Most current prenatal testing approaches like amniocentesis or chorionic villus sample include a certain degree of risk of miscarriage, but cell-free DNA testing relies on a blood sample, potentially changing what disorders can be looked for, Erin Biba at Wired writes. "Based on a small sample of a woman's blood, the cell-free fetal DNA test gives expectant mothers an earlier (and safer) look than ever at just who it is that's growing inside them," she adds.

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American scientists find themselves once again warning the Trump administration not to dismiss science, the New Yorker report.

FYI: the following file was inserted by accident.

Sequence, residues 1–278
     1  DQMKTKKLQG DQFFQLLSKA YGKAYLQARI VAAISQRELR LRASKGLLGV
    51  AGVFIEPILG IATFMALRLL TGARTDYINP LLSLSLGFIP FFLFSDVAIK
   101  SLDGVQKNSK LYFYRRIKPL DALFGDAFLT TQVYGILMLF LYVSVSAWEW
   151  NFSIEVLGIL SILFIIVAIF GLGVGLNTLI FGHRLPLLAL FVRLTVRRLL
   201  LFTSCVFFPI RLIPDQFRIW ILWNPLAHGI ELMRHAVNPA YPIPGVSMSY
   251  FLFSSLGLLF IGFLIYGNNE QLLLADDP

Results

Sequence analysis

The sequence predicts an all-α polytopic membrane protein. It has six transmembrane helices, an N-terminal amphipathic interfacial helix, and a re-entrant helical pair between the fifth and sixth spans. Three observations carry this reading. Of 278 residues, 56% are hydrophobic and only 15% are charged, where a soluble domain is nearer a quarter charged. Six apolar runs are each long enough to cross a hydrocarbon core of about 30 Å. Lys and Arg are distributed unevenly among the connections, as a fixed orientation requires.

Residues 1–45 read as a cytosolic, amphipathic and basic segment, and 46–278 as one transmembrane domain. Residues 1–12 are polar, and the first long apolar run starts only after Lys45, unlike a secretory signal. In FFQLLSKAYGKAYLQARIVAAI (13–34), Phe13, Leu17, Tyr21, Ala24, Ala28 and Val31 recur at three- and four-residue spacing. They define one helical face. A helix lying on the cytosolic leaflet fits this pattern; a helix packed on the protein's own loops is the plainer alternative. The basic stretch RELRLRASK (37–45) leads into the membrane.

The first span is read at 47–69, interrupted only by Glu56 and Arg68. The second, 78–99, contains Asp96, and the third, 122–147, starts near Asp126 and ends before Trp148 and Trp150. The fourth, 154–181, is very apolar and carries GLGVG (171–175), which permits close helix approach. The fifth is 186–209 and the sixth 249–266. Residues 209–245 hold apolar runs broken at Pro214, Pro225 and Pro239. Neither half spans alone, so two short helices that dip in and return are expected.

A new study suggests CRISPR could be used to save coral reefs from dying off, Forbes reports.

Researchers have found that the i-motif shape of DNA previously observed in the lab also exists in human cells, and that it may serve a purpose.

In PNAS this week: a genomic, transcriptomic, and metabolomic analysis of the tea plant, Arabidopsis thaliana's adaptations to specific local environments, and more.